According to a recent report, there is a new hacking group out there with rather advanced skills, which managed to compromise as many as 11 IT service providers. The group was reported by security researchers working at Symantec, whose theory is that the hackers’ end-goal might be to gain access to the IT providers’ customers.
The new hacking group emerges
Online security researchers have named the new group Tortoiseshell, and they estimate that the group has been active for a little over a year, starting with their activities in July 2018, possibly even earlier. Their latest exploit was believed to be in July 2019, according to the researchers’ report.
The report also states that the hackers appear to be highly-skilled and that they have access to both, custom, as well as off-the-shelf hacking tools. The combination of advanced tools and advanced skills has allowed them to compromise as many as 11 different IT providers, with at least two of the exploits resulting in success at gaining domain admin-level access. This means that they likely managed to gain control over their entire networks, as well as to all of the devices connected to the networks.
Researchers also mentioned that the group’s implementation of the attacks and the very plans they managed to come up with are quite notable. Tortoiseshell used what is called a supply chain attack, which is basically a hacking attack that compromises services, hardware, software, and anything else used by the attackers’ target(s). However, the attacks are extremely difficult to pull off, and they require precision, coordination, and a lot of work. Considering the fact that the group has been doing this for a while without being detected, its members are likely highly-skilled.
A long, messy campaign
Researchers appear to be convinced that the targets of the group are not IT providers themselves, but someone who has a working relationship with them. They also noted that the malware that the attackers were using was unique and likely developed solely for the purpose of this campaign. This also indicates capability and resourcefulness – something that most small groups do not have.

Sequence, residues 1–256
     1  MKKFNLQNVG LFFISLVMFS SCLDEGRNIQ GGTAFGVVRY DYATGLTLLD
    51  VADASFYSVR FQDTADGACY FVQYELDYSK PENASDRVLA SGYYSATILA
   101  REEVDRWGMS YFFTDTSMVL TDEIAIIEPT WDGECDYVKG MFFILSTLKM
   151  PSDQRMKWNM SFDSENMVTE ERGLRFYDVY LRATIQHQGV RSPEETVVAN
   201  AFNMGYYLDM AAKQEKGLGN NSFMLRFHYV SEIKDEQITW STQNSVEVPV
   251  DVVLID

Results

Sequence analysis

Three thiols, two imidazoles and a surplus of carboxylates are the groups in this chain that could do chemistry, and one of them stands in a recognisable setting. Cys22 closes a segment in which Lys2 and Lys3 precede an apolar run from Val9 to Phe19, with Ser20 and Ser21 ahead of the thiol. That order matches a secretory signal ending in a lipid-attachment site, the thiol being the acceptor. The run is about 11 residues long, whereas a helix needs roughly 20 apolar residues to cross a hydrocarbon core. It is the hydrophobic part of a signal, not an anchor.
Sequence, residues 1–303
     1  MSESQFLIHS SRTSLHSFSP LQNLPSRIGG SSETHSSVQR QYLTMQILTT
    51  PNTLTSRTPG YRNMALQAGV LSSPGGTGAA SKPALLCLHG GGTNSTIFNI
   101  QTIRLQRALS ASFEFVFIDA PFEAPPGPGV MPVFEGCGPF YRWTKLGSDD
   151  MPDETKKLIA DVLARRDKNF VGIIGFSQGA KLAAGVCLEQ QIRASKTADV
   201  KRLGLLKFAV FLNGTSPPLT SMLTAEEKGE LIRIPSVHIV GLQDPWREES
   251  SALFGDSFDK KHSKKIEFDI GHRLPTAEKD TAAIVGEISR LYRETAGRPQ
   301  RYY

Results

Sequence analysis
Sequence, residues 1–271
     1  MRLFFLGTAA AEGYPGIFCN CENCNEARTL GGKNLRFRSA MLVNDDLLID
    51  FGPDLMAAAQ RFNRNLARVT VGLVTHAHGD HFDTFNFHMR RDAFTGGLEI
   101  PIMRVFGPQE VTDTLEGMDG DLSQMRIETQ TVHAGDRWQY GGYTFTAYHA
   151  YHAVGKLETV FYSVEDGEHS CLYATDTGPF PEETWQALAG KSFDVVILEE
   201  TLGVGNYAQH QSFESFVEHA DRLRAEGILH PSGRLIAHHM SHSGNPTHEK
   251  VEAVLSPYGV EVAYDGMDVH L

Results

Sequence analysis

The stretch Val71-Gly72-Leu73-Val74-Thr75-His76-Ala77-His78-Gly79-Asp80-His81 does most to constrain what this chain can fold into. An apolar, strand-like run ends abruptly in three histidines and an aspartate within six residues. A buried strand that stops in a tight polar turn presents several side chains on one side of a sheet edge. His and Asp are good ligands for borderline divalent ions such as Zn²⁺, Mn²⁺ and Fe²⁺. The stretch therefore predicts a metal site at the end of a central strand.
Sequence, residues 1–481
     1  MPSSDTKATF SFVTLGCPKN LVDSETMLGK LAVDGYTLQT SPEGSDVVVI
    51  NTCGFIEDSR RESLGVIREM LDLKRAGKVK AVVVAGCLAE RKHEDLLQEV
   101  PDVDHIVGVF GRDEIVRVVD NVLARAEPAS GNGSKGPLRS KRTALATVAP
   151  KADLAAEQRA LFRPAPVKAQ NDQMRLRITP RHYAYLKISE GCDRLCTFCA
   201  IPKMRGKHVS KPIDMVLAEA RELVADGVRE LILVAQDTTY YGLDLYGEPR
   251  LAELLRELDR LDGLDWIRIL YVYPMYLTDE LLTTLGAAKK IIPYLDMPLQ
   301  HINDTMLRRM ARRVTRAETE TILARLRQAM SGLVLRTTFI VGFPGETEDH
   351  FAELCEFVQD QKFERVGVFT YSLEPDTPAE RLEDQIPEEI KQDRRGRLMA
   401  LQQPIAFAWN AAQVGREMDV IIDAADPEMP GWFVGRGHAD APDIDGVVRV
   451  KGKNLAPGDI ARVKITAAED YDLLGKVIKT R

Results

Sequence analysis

The first targets are believed to be several IT providers from Saudi Arabia, and while the hackers are considered highly-skilled – these initial attacks were far from flawless. Researchers have managed to deduce that the group’s intention was probably to use stealth. This conclusion comes from the fact that their custom backdoor had a ‘kill me’ command, meaning that the malware would uninstall itself and remove any trace of its presence if the command was ever activated.
However, two of these networks had hundreds of connected computers infected with this malware. This indicates that the hackers had to infect as many devices as possible in order to find the one that was their real target. The downside of this approach is that it made the attack quite easy to spot.
Even Symantec’s researchers claim that the approach was far from impressive and professional, and the attackers exposed themselves and risked being caught.
The identity of the attackers
Another unusual detail was the fact that the malicious tool known as Poison Frog appeared around a month before Tortoiseshell started its attack. The tool was originally identified as a tool used by APR34 – a state-sponsored hacking group tied to the Iranian government. The group, also known as OilRig, was targeted earlier this year, in April, when an unknown entity published the members’ identities, tools they were using, and other secret information.
OilRig was also targeted once before, in early 2018, when it suffered a hostile take-over of its servers. This attack was believed to be made by another hacking group known as Turla, which is, in turn, believed to be tied to the Russian government. The new report by Symantec states that it is unclear whether or not it was the same group that was responsible for both, Tortoiseshell tools and Poison Frog, especially since there is a month-long gap between the two infections. For now, the two are treated as two unrelated incidents, at least until additional proof emerges.
Another thing that Symantec does not know at this time is how Tortoiseshell managed to infect 11 different networks. The first hint that there is an infection came in the form of a Web shell – a script that provides remote administration of the machine when uploaded to a server. This indicates that Tortoiseshell attackers used the webserver to gain access to the network and deploy their malware.